And with additional incentives like lower tolls and cheaper parking, it’s not just the tech-savvy going electric.
Because incentives are there, they still choose to buy or drive an electric car. And I think that is the key. We will never succeed with cutting emissions in time if we have to wait for everyone to care about the climate.
So the big question is, can other countries follow Norway’s lead and make car transport carbon-free? And not only that, decarbonise every other activity as well? Well, let’s look at where CO2 comes from. Some three-quarters of it is from the use of energy, above all in industry, buildings, and transport. After that, it’s agriculture at nearly one-fifth of all emissions.
Some think that that’s just too much to eliminate by 2050.
We often think, well, we’ve got electric cars. We know how to decarbonise electricity. But unfortunately, electricity only makes up about 18 per cent of final global energy consumption.
And we need a lot more energy that is currently fossil-fuelled to make stuff like steel, and cement, and plastic, and ammonia, all of these things that are really crucial to our modern way of living. And it’s very difficult to see how we can decarbonise them in time to reduce emissions by nearly half by 2030, and then to almost nothing by 2050.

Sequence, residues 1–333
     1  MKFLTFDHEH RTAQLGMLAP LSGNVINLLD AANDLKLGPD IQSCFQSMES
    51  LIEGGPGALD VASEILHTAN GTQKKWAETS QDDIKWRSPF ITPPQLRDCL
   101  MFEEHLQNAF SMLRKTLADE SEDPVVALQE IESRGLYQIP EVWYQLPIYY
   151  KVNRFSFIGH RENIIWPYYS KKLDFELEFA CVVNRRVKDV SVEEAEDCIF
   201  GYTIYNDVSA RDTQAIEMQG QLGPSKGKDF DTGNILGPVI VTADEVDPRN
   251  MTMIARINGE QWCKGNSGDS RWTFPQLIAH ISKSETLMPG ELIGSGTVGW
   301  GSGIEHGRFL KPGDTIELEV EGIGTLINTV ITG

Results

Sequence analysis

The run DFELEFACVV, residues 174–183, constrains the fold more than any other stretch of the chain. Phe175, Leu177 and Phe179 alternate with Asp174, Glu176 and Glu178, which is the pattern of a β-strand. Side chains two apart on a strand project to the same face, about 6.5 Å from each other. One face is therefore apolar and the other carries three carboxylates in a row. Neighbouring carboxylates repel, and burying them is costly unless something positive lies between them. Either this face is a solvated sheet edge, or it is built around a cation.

Now, critics think technology can’t save us in the time we have left. Instead, they say we must limit economic growth and simply accept having less. But who’s right?
Here’s a helpful way to think about it. This equation is called the Kaya Identity. It shows the key factors behind total carbon dioxide emissions. Total CO2 depends on the number of people in the world and CO2 emissions per person, which in turn break down further into each person’s average income or GDP per capita and the average CO2 emitted per dollar of income.
So this Kaya Identity shows that decarbonisation must logically happen in one of three ways. We can shrink the world’s population. We can limit and reduce incomes. Or we can lower the amount of CO2 emitted for each dollar of GDP.
Let’s put to one side the prospect of reducing the population, which I for one find both immoral and unrealistic. Then, net zero carbon can only be achieved by cutting economic production, degrowth, or finding ways to produce without emitting greenhouse gases: green growth.
That’s a debate our next expert has thought deeply about.
We can’t have it all. We can’t get rid of climate change, and just have perfectly free choices, and enjoy the things exactly as we did before.